But here is the funny thing, a few weeks before the big event, as most of his classmates started to get lined up for, and behind the spirit of, this thing he started making noises about being free, maybe, or that he might be able to free up time that day to fit the dance into his schedule. Probably just a snafu of some sort with his appointment secretary previously, I assume. See, here is what he, and every not-nerd, non-dweeb, heck, just breathing young male and female knew, this event would permanently solidify, solidify like stone, the social order of the school, in or out, no questions asked, no prisoners taken. So he too “knew” that signing that world peace treaty that he seemed to be on the verge of signing rather than attend the dance was nothing compared to being in the fight, the furious fight, to gain leverage in the upper echelons of the school pecking order.
All fair enough, all true enough, if only a rather short sketch of the preparations leading up to the preparations, the seemingly endless preparations for the ‘big night.’ A night that included getting into some serious grooming workouts, including procedures not usually included in the daily toilet. Plenty of deodorant, hair oil, and breathe fresheners. Moreover, endless energy used getting worked up about wardrobe, mode of transportation, and other factors that I have addressed elsewhere, and, additionally, factors contingent upon whether you were dated up or stag. All that need not be repeated here.
Damn, whatever physical description I could conger up would be just so much eye wash anyway. The thing could have been held in an airplane hangar and we all could have been wearing paper bags for all we really cared. What mattered, and maybe will always matter, is the hes looking at those certain shes, and visa-versa. The endless, small, meaningful looks (if stag, of course, eyes straight forward if dated up, or else bloody hell) except for those wallflowers who were permanently looking down at the ground (and maybe still are). And that is the real struggle that went on in those events, for the stags.
The struggle against wallflower-dom. The struggle for at least some room in the social standing, even if near the bottom, rather than outcaste-dom. That struggle was as fierce as any class struggle old Karl Marx might have projected. The straight, upfront calculation (and not infrequently miscalculation), the maneuvering, the averting of eyes, the not averting of eyes, the reading of silence signals, the comprehended "no," the gratuitous "yes." Need I go on? I don’t think so, except, if you had the energy, or even if you didn’t, then you dragged yourself to that last dance. And hoped, hoped to high heaven, that it was a slow one.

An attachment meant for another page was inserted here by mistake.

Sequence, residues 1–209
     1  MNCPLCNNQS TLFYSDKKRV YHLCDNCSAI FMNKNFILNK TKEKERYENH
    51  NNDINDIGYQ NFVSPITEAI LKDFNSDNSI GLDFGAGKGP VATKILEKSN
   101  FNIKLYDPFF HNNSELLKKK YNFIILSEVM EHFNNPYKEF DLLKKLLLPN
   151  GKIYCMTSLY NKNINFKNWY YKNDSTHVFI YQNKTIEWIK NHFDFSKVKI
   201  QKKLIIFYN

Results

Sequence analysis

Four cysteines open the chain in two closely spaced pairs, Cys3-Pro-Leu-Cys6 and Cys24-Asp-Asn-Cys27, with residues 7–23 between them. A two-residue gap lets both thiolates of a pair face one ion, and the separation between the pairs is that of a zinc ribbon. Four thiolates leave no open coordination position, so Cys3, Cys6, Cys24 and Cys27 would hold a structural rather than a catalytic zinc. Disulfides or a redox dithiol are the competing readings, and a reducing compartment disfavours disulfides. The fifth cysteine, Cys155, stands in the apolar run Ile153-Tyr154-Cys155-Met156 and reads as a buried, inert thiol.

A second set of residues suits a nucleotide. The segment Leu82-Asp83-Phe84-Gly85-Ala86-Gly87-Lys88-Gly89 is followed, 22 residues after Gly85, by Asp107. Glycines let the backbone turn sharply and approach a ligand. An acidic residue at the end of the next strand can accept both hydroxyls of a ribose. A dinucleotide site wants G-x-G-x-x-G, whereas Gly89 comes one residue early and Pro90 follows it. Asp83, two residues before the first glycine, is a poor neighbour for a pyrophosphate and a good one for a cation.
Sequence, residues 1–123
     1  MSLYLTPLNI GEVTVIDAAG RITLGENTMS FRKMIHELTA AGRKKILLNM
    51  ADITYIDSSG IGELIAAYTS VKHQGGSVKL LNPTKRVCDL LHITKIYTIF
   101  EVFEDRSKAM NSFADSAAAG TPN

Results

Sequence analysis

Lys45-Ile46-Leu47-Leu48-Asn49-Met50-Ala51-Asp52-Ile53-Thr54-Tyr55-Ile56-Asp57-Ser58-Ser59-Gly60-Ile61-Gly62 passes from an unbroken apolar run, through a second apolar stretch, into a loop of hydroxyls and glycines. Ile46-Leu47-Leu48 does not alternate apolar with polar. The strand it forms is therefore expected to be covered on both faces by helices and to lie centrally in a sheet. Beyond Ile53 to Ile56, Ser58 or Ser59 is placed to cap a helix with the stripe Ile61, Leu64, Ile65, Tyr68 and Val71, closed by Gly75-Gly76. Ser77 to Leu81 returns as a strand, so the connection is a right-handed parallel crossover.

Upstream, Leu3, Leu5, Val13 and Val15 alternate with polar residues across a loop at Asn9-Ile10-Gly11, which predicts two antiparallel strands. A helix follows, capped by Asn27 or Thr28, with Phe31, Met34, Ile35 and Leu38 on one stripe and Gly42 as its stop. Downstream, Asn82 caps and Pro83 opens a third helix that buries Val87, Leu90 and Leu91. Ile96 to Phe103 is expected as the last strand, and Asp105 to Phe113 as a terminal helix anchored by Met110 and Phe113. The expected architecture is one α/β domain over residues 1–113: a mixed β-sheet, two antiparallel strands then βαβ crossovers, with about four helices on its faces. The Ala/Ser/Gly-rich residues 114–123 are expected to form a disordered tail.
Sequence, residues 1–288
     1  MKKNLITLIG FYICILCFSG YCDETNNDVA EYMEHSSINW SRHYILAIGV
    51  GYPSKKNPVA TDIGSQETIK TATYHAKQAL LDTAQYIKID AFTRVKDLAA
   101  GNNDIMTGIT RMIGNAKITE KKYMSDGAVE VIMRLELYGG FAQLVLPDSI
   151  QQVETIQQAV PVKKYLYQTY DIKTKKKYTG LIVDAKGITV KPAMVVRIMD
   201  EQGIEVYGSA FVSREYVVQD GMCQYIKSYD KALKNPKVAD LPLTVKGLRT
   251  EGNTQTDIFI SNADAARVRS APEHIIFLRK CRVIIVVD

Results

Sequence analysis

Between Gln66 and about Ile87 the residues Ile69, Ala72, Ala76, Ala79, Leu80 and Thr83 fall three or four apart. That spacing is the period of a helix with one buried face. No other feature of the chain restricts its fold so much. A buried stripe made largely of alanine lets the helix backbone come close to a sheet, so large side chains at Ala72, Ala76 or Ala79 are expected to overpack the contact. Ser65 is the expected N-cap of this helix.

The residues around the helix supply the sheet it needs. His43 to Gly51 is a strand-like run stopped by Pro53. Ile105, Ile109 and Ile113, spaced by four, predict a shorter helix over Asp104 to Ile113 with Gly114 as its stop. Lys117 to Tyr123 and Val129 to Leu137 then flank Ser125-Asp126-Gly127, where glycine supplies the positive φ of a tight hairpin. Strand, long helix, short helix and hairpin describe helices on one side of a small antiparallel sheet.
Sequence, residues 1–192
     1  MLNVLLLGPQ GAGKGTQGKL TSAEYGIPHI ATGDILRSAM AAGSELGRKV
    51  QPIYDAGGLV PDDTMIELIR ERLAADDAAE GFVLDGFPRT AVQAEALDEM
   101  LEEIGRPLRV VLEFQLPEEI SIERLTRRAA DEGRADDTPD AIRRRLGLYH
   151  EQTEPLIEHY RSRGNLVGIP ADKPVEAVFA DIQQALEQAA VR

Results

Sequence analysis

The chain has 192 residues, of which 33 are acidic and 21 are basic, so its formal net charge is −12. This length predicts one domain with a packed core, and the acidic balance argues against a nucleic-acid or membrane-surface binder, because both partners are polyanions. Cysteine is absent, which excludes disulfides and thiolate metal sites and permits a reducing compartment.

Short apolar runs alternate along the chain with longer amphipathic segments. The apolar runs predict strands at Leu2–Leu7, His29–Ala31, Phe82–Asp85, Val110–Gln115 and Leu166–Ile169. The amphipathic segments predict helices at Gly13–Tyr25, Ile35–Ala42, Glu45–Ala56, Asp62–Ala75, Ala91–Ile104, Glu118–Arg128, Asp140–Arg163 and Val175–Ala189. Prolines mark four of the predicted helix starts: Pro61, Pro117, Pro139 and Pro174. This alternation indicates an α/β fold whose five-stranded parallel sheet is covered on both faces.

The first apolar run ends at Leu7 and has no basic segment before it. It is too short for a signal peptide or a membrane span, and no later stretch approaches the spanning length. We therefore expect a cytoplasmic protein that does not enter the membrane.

Ah, memory. The last dance this night was a slow one. And that “cured” for the moment any angst suffered the last several days before the big night. And who did that fateful last dance save? Well that’s simple. Anyone who has been wounded in love’s young battles; anyone who has longed for that he or she to come through the door; anyone that has been on a date that did not work out, been stranded on a date that has not worked out; anyone who has had to submit to being pieced off with car hop drive-in food; anyone who has gotten a “Dear John” letter or its equivalent; anyone who has been jilted by that certain he or she; anyone who has been turned down for that last school dance from that certain he or she that you counted on to make your lame evening; anyone who has waited endlessly for the telephone to ring(now iPhone, etc., okay for the two people from the younger set who may read this)to hear that certain voice; and, especially those hes and she who have shed those midnight tears for youth's lost love. In short, everybody except those few “most popular “types who the rest of us will not shed one tear over, or the nerds who didn’t count (or care) anyway. The last dance song this night: The Dubs on the slow classic (and the one you prayed for to be that last dance) Could This Be Magic.